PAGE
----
a slight creature made from a pinch of memory
and a pinch of forgetfulness, a one-sided hind.
The gods that govern this peculiar world
let me dream you but not be your master;
perhaps at a bend in the deep time to come
I’ll find you again, white hind of a dream.
I too am a fleeting dream that lasts
a few days longer than dreams of meadows and whiteness.


Week 2: pages 51-102

When we left off at the end of week 1, what is ed Morini was sitting in more about +Italian+Gardens&sll=51.506178,-0.207367&sspn=0.200873,0.408554&ie=UTF8&hq=&hnear=Buckingham+Palace+Gardens&ll=51.508208,-0.160203&spn=0.006611,0.012767&t=h&z=16&layer=c&cbll=51.51013,-0.157141&panoid=D96-RJWRNaCmc6kloBm_Uw&cbp=12,212.42,,0,-7.25″>Hyde Park reading Sor Juana’s recipes aloud to a stranger. The next day, Liz Norton tells Morini the story of the tortured artist Edwin Johns, who cut off his own hand and then went mad. Clearly Johns’ story is a metaphor for an idea about the role of the artist, but what do we make of the role of the critic in relation to the artist? Why are these literary critics suddenly talking about painters?

We also learn about the article a Serbian critic published in Pelletier’s academic journal. The Serb’s article details the life of Archimboldi, mainly to confirm Archimboldi’s human, worldly existence. The four critics search for tiny clues in this article and offer their own interpretations of what those clues might mean in terms of where Archimboldi might be located at this very moment and even what Archimboldi might look like.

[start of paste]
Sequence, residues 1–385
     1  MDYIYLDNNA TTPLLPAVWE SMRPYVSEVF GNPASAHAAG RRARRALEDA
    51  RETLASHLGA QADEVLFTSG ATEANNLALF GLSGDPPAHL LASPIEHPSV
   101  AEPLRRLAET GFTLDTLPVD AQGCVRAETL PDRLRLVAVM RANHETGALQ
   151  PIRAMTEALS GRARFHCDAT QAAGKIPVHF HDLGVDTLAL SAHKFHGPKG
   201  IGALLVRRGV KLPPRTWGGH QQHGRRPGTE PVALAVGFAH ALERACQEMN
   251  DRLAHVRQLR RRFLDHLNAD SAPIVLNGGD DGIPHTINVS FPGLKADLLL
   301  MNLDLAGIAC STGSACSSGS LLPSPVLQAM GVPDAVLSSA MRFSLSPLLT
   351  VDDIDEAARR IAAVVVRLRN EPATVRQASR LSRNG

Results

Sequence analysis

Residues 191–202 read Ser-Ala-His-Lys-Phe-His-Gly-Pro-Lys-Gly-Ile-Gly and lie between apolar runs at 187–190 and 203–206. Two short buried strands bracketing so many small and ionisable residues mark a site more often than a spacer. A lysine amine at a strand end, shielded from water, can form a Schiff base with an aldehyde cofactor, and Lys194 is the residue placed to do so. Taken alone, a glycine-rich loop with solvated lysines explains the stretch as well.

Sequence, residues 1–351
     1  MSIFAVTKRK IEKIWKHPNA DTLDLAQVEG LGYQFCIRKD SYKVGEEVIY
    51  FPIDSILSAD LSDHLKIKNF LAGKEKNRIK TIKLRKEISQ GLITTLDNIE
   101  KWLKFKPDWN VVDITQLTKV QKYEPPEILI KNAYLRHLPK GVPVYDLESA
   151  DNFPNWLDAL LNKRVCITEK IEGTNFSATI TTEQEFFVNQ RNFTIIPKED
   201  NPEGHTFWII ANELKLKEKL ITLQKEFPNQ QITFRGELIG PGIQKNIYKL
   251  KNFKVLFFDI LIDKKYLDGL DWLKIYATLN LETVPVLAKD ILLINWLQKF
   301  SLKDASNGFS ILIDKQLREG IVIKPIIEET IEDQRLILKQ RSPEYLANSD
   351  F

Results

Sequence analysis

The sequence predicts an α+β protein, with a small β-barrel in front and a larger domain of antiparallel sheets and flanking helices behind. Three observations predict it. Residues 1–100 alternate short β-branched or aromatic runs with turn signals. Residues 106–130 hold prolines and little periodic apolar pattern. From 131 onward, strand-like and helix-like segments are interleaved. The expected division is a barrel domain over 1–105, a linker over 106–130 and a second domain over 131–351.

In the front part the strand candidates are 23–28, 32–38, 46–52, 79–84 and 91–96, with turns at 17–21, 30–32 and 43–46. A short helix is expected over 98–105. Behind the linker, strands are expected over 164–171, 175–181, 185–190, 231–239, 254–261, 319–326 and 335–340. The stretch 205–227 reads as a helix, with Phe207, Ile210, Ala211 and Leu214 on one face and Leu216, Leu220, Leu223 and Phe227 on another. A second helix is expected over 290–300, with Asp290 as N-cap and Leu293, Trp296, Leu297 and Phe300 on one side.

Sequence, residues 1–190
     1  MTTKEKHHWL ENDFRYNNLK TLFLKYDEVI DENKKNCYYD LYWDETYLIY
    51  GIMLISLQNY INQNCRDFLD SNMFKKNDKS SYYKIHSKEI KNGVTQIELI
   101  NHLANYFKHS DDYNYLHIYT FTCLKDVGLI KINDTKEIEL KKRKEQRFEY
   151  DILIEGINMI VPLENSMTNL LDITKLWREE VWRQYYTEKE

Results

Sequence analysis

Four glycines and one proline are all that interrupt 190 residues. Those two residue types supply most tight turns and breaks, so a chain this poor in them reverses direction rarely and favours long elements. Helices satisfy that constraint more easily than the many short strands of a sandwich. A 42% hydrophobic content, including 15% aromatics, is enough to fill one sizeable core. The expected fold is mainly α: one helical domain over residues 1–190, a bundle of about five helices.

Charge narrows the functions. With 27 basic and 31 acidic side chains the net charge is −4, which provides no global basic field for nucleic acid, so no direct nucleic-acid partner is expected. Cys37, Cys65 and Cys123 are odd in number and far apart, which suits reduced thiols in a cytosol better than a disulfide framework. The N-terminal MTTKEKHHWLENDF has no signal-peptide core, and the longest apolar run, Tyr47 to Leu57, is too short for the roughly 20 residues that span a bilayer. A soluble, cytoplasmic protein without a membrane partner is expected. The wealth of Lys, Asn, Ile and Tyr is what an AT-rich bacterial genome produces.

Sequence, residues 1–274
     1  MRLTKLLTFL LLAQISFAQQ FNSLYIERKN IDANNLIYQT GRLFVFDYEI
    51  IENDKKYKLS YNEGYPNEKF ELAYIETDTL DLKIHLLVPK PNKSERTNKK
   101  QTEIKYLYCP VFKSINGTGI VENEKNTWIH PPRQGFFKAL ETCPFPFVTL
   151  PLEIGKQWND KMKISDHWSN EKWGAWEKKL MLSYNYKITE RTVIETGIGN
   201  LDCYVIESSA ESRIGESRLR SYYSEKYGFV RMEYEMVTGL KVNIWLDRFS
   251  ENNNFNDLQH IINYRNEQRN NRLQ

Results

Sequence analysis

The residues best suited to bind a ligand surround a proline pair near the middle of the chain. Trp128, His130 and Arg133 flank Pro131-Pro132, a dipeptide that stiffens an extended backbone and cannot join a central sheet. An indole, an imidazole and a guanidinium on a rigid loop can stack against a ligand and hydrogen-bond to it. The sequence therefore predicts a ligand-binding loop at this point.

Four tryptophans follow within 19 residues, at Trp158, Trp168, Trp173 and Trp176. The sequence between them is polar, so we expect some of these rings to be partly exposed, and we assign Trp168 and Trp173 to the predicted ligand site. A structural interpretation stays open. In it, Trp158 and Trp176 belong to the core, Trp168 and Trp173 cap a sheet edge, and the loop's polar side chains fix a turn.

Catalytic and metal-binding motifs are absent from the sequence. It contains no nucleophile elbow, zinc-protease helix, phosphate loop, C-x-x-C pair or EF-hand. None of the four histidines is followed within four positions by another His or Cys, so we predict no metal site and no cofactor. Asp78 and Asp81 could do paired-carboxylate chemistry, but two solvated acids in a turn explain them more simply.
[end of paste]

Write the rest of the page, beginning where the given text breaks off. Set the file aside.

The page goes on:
Liz Norton feels a need to change her life and effectively breaks up with both Pelletier and Espinoza. Despite some awkwardness at subsequent conferences, the two cannot be enemies and remain good friends. Three months later, they decide to pay a visit to Norton in London and then they meet Alex Pritchard. There is some name-calling and tension, but Pritchard leaves them alone. On a later visit, Pritchard tells Pelletier that Norton is The Medusa.

Pelletier and Espinoza continue to worry about the role of love and sex in their lives and what future the pursuit of either brings. In the midst of this, things take a turn toward the dark side. Pelletier and Espinoza get into an argument with a Pakistani cab driver in London and beat the man within an inch of his life. The two critics never felt more alive. Pelletier and Espinoza turn to prostitutes. Pelletier becomes involved with a prostitute named Vanessa. When Pelletier tells Espinoza about this involvement, Espinoza responds: “Whores are there to be fucked—not psychoanalyzed.”

The critics (minus Morini) unite in London and Espinoza tells Norton about the time that the three of them, oh yeah, went to Switzerland to see Edwin Johns. Morini asked Johns why he (Johns) cut off his own hand. Johns leans over and whispers in Morini’s ear and walks away. The next day, Morini has disappeared, fled back home to Italy without saying goodbye. Pelletier and Espinoza cannot reach him by phone for days. Norton tells them that during that time Morini has been in London. Morini tells Norton that Johns cut off his hand “for money.”

During a seminar in Toulouse, the critics meet a Mexican scholar named Rodolfo Alatorre. Alatorre tells Morini that one of his friends in Mexico City saw Archimboldi just the other day. Alatorre tells the story of El Cerdo (the poet Almendro) being called to Archimboldi’s hotel room, to rescue the old German. In the brief glimpse we have of El Cerdo and Archimboldi together, El Cerdo seems like the more charismatic and interesting person because the narration is from his point of view only. Bolaño does not give us access to any of Archimboldi’s thoughts or motivations. Go figure.

Nicole reports that there are no deaths to count this week. However, the gallery owner on page 97 mentions the death of his grandmother, who left him the gallery and may now be haunting it.